New data saw the wages of the highest paid payrolled employees soar by just under £3,000 a month since 2014 – while the poorest got a paltry pay rise of £167

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The biggest earners in the UK saw their monthly pay increase from £10,891 per calendar month in 2014 to £13,770 per calendar month in December 2021 – a 24% increase, while those on lowest incomes saw their pay increase by a mere £167 per month in the same time period.

Employment data from the Office for National Statistics found that the lowest 10% of payrolled employees were earning £672 a month compared to £505 in 2014. 90% of payrolled employees earn less than £4,797 per month. Only 1% earn more than £10,981 per month.

This means that the highest payrolled employees take home, on average, £13,098 per month more than the lowest paid. 

Those in the second highest (95th) percentile who were earning £5,269 a month in 2014 saw their monthly pay packets increase to £6,559, or by 24%, in December 2021. 

While those in the 25th percentile saw their pay increase by 30%, their wages started lower and have remained low: in 2014 they were on £887 per month and now bring home £1,166 a month. Payrolled employees in the 50th percentile earned £1,600 per month in 2014 and are now on £2,025 per month – more than £10,000 less than the highest earners. 

The data comes as the UK faces a cost of living crisis, with households facing a perfect storm of rising energy costs and increases in food prices.

The OECD found that the UK has the highest rates of income inequality in the European Union

It also follows years of wage stagnation for the ordinary British worker – before the COVID-19 pandemic hit, average wages had only just returned to where they were 12 years before.

The 15 years from 2007 to 2022 are forecast to be the worst on record for household incomes which were up just 9% during that period, compared with a pre-financial crisis average of almost 50% per 15 years.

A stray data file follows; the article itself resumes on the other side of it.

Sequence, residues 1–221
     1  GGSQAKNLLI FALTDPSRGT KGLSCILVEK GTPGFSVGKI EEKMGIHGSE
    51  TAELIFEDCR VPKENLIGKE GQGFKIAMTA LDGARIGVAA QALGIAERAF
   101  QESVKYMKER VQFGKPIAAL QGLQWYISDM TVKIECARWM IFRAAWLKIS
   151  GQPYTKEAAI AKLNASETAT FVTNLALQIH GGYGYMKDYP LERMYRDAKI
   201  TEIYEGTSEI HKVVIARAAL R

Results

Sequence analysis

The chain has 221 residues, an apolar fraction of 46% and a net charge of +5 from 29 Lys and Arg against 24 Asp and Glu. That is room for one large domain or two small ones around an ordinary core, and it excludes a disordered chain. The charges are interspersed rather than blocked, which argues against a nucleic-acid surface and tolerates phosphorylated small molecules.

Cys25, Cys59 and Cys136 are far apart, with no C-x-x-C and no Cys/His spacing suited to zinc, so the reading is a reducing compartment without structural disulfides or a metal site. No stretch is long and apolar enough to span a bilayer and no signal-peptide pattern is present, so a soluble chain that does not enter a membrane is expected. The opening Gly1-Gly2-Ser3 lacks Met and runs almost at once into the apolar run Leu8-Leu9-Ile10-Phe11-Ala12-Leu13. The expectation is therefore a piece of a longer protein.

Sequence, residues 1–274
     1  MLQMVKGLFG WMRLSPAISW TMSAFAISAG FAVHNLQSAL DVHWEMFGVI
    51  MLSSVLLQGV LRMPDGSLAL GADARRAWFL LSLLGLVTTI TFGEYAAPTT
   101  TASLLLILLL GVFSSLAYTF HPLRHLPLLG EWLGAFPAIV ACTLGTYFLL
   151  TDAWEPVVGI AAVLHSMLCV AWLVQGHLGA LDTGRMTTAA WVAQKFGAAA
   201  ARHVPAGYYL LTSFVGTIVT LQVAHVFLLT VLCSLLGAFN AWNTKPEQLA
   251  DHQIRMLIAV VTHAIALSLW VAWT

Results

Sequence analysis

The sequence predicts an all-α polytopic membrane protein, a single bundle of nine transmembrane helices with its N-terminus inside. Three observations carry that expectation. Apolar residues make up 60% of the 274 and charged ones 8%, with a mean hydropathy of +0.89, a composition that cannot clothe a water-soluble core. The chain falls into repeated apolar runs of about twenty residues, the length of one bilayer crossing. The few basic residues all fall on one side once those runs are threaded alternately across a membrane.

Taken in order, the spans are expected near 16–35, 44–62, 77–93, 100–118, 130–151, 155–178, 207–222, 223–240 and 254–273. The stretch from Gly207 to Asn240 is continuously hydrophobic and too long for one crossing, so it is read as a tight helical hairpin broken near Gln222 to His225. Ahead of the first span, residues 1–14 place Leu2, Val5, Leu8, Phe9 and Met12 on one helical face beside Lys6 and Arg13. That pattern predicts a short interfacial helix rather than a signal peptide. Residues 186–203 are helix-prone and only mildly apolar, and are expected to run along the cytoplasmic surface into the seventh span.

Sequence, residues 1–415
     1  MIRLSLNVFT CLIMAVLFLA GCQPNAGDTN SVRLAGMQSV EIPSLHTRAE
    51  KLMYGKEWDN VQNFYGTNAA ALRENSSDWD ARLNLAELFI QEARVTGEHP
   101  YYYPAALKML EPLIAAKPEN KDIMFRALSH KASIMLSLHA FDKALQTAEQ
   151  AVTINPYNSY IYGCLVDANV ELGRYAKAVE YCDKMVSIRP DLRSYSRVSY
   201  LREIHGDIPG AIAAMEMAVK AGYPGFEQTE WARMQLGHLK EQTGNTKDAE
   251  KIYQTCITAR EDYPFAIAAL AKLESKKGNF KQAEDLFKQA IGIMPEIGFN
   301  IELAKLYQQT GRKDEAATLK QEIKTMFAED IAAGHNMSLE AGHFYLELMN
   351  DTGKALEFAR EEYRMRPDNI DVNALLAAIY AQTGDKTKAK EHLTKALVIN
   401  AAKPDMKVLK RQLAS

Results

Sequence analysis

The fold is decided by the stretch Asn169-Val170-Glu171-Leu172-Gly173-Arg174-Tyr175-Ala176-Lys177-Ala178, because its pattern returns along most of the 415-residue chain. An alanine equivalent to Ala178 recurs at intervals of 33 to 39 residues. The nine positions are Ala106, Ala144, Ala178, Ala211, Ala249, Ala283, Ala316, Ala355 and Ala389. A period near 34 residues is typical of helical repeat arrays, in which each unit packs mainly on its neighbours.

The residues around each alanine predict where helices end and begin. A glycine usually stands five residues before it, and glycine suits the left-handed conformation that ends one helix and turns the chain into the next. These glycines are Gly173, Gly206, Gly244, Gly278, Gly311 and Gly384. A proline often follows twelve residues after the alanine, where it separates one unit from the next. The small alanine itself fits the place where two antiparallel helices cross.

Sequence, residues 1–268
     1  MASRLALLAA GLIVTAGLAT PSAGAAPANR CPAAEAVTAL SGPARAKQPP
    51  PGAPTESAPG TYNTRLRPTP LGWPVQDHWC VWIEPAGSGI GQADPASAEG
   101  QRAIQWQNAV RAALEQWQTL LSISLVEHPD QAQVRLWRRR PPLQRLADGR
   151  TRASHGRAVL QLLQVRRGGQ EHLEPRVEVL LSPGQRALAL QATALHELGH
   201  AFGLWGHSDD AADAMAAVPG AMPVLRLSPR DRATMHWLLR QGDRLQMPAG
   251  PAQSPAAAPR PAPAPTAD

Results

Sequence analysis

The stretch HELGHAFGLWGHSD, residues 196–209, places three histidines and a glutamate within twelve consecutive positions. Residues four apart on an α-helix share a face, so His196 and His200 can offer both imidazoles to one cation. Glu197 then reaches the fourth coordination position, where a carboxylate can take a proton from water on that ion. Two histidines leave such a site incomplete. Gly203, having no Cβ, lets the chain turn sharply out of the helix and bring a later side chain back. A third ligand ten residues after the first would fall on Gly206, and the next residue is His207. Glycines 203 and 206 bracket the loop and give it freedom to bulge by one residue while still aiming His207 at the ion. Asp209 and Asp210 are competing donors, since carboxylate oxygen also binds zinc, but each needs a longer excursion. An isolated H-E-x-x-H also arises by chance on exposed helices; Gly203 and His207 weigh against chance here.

Before Russia invaded Ukraine, UK inflation levels were already concerningly high, with the Bank of England predicting that it could reach 7% by April. Now, the war threatens to exacerbate inflation rises, with some experts warning that it could soon hit 10%

Wealth and Poverty

Rising inequality following more than a decade of austerity has already pushed 1.8 million children into the ‘deepest poverty’, meaning that they live in households that are unable to cover the most basic needs.

This is an increase of half a million over the past decade, with 4.3 million children in total living in poverty. Of these, 49% are in single parent households. 

Around four million households in England are classed as ‘fuel poor’, as are 25% of households in Scotland, 12% in Wales, and 18% in Northern Ireland.

Even before Russia’s invasion of Ukraine caused more fuel insecurity, energy costs were set to soar and push a further two million homes into fuel poverty. 

But, while the poorest families struggle to choose between food and fuel, income inequality continues to rise and is higher now than it was in the 1960s and 1970s. The OECD found that the UK has the highest rates of income inequality in the European Union. 

In 2019/20, 42% of all disposable household income in the UK went to the fifth of the population with the highest household incomes. In contrast, only 7% of all disposable household income went to the lowest-income fifth. This figure was based on disposable income before housing costs have been deducted and means that income inequality in 2019/20 was 35% before housing costs and 39% after housing costs.

A couple without children with disposable income below £264 per week before housing costs were in the 10% of people with the lowest household incomes in 2019/20. To be in the highest-income 10%, a household required an income of at least £1,070 per week.

The Politicsof Porridge

Sian Norris

Look beyond income at wealth, the equality gap is even starker.

The wealth gap ballooned during the Coronavirus pandemic, with the richest 10% gaining £50,000 in wealth during the crisis. This dwarfed those with lower incomes and asset wealth: adults in the richest 10% of households now have an average wealth of £1.4 million each thanks to that £50,000 gain, while the poorest 30% of households gained an average of just £86 per adult in additional wealth.

The wealth increase was in part explained by higher earners more likely to be able to work from home, save money due to cancelled holidays, fewer days and evenings out, and rising house prices. Lower-paid workers were more likely to be furloughed and were hit hardest by job losses

Low-paid furloughed workers also didn’t see their pay topped up while on furlough. This means that, although their jobs were protected, because furlough only covered up to 80% of earnings, those on the lowest pay saw their incomes fall below the minimum wage – more than two million people were not being paid the legal minimum wage in April 2020.

People who lost income during the pandemic and were therefore entitled to Universal Credit were given a £20 uplift of the benefit during the height of the pandemic. However, that £20 was cancelled in October last year, putting even greater pressure on deprived households at a time when the cost of living continues to rise… and rise.


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